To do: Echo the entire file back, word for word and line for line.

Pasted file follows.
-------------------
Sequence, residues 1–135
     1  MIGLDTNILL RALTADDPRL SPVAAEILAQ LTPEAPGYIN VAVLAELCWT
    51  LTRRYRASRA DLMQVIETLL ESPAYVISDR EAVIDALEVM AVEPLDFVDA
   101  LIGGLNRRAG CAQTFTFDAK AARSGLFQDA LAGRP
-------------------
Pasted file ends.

Sequence, residues 1–135
     1  MIGLDTNILL RALTADDPRL SPVAAEILAQ LTPEAPGYIN VAVLAELCWT
    51  LTRRYRASRA DLMQVIETLL ESPAYVISDR EAVIDALEVM AVEPLDFVDA
   101  LIGGLNRRAG CAQTFTFDAK AARSGLFQDA LAGRP